A REPORT on how the UK’s seas are responding to climate change had input from seven SAMS scientists, one of the largest representations of any institute.
The Marine Climate Change Impacts Partnership (MCCIP) Report Card 2020 includes evidence on 26 topics relating to the seas around the UK and had input from 150 scientists at 50 research organisations.
SAMS scientists contributed to topics as diverse as fisheries, coastal habitats, Atlantic heat exchange, harmful species, sea ice and aquaculture.
There is clear evidence that warming seas, reduced oxygen, ocean acidification and sea-level rise are already affecting UK coasts and seas. Increasingly, these changes are having an impact on food webs, with effects seen in species on the seabed, as well as plankton, fish, birds and mammals.
The upper range for the latest UK sea-level rise projections is higher than previous estimates, implying increased coastal-flood risk. The likelihood of compound effects from tidal flooding and extreme rainfall is increasing, which can greatly exacerbate flood impacts.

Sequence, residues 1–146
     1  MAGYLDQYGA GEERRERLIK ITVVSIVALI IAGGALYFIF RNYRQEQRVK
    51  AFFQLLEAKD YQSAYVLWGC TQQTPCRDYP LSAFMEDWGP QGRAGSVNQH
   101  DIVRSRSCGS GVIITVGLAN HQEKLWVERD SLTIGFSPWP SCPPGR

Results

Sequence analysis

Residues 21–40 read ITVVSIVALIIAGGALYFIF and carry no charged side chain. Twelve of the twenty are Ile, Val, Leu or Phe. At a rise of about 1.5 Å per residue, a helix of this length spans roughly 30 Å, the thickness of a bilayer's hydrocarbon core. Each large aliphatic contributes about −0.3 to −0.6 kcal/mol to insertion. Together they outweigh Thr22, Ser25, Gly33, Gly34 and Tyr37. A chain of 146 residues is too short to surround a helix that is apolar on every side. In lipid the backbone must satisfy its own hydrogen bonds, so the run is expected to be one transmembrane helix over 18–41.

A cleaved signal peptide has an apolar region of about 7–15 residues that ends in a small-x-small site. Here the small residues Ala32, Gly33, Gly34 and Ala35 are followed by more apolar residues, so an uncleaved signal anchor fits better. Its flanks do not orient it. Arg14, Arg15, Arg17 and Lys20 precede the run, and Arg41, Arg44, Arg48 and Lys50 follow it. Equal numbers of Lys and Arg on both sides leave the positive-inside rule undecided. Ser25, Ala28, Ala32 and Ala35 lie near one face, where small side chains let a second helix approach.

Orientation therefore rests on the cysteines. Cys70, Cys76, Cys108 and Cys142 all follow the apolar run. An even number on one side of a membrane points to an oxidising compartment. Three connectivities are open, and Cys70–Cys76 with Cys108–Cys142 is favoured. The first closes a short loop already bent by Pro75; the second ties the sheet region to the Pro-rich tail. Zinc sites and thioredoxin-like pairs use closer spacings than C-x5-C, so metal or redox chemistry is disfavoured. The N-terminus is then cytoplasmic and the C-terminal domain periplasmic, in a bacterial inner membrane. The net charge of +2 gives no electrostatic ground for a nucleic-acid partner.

Oxygen concentrations in UK seas are projected to decline more than the global average, especially in the North Sea and fisheries productivity in some UK waters has been negatively impacted by ocean warming and historical overexploitation.
SAMS Director Prof Nicholas Owens said: "I am delighted to see a large input from SAMS science in this year’s MCCIP Report Card, which reflects both the quality and the diversity of our research.
“This year, in particular, is so important for our global environment but it is also a year for Scotland to show its commitment to tackling the issue of climate change. If Scotland is to reach its target of becoming carbon neutral by 2045, institutes like SAMS have a crucial role in helping to understand and manage the marine environment.
“And with the climate change summit COP26 coming to Glasgow in 2020, Scotland’s Year of Coasts and Waters, the world will be watching.”
SAMS scientists contributing to the MCCIP Report Card 2020 are: Prof Michael Burrows, Dr Thomas Brown, Prof Stuart Cunningham, Prof Keith Davidson, Dr Clive Fox, Dr Bhavani Narayanaswamy and Prof Michele Stanley.